And then, on to more demanding challenges: "We introduce the problem of climbing the rope through the power of the hands and arms alone, without using the feet. The exercise is hard, but the gymnast no doubt knows how to approach it; for it is reminiscent of the warm-up in which a healthy, fairly strong person can support his weight with one hand without great effort. It comes with trying. They fail at first - each individual hand, especially the left, is too powerless to pull the body up high enough so that the right hand can grasp the rope even higher. But the gymnast supposes at the start that pressing down on the under-hand makes it easier to grasp the rope higher with the other hand. It requires the practice of suspending one's self with one hand, especially the left hand. After considerable practice the goal is reached, and the effect lasts many months."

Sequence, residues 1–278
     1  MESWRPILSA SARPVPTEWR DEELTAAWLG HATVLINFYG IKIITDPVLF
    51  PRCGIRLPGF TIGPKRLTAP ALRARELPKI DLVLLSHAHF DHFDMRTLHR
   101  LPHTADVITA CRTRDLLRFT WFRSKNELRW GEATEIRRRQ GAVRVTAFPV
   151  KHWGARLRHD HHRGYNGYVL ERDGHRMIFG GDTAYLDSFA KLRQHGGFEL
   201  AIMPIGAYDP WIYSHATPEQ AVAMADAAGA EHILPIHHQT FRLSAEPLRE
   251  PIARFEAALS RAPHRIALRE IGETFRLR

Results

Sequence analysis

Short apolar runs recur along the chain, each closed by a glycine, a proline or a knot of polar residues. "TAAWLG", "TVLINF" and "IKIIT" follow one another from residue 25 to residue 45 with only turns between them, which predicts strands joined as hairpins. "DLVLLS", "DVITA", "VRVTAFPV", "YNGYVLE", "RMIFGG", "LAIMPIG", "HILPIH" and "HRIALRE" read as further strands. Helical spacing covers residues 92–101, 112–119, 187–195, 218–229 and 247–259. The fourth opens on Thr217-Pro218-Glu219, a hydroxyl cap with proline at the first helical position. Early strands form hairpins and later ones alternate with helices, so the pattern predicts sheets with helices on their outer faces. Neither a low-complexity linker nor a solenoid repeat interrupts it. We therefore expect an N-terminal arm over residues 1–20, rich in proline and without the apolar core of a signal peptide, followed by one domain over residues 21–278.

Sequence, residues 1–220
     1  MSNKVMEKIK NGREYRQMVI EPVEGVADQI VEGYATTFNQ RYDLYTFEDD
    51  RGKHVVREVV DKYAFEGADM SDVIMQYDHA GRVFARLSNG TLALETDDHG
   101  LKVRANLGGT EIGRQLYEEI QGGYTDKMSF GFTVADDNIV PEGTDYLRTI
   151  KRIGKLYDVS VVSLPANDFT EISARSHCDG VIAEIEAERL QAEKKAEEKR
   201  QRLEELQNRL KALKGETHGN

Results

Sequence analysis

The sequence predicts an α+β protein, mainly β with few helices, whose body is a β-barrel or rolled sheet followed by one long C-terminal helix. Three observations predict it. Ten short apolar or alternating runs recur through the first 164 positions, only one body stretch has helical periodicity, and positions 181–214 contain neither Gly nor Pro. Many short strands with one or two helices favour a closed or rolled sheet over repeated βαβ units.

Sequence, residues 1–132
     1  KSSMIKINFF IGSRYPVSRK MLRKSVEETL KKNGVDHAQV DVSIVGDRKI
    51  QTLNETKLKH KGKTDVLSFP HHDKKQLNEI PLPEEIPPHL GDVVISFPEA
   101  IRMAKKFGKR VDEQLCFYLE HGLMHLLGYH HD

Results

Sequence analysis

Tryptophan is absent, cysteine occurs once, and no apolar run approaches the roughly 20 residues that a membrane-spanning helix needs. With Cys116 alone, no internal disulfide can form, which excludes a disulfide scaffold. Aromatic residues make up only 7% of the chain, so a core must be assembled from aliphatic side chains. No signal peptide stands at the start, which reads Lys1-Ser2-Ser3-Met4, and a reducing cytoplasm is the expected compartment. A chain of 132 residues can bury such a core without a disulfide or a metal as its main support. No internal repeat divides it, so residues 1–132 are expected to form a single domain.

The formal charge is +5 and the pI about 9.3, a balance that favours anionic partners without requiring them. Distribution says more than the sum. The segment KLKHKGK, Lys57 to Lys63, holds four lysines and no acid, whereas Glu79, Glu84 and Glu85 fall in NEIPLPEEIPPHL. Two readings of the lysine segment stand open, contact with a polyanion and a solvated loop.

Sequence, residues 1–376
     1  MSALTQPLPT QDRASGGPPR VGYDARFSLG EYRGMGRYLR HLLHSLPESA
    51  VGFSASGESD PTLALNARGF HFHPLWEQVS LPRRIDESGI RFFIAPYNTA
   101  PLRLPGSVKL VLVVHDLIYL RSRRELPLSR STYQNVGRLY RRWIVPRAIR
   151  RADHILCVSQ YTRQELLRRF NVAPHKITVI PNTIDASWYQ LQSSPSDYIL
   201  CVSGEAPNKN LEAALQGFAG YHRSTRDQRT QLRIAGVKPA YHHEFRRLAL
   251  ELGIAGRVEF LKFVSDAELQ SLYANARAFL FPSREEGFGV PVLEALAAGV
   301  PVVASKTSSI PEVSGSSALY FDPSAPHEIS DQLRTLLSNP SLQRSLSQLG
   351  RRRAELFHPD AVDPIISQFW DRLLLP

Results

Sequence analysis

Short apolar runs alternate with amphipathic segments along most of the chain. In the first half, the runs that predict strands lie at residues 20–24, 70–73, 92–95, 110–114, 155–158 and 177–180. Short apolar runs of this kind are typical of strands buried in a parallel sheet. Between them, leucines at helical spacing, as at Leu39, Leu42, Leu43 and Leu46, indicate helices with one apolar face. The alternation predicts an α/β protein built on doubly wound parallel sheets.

GutsMuth continues: ". . . We've climbed high, the hands lose power. Then what? Should we climb down or fall down? We may not be able to go either up or down. What should we now do? We must hold on until we recover. Good, but how, without using the power of the hands? Each student must reflect upon that and discover how to wrap the rope around themselves so that they may be held comfortably by it. The student presses himself to make the attempt, and after several tries he solves the problem: he climbs to a moderate height. Here he stops. He wraps the rope, using one foot, twice to four times around the other foot, then squeezes the twisted rope together firmly between both feet. The friction between the rope and feet supports the body's entire weight."  (Illustrations on previous pages show this technique clearly)

Finally: "I know some who climb up and down, very lightly. This feat is one of the prettiest and most appropriate for strengthening all the muscles of the breast and arms and hands - it is a true 'touch-stone' of the powers of these members and indicates the increase of these in a very certain manner"  

A Description of Gymnastic Facilities at Harvard, circa 1826 . . .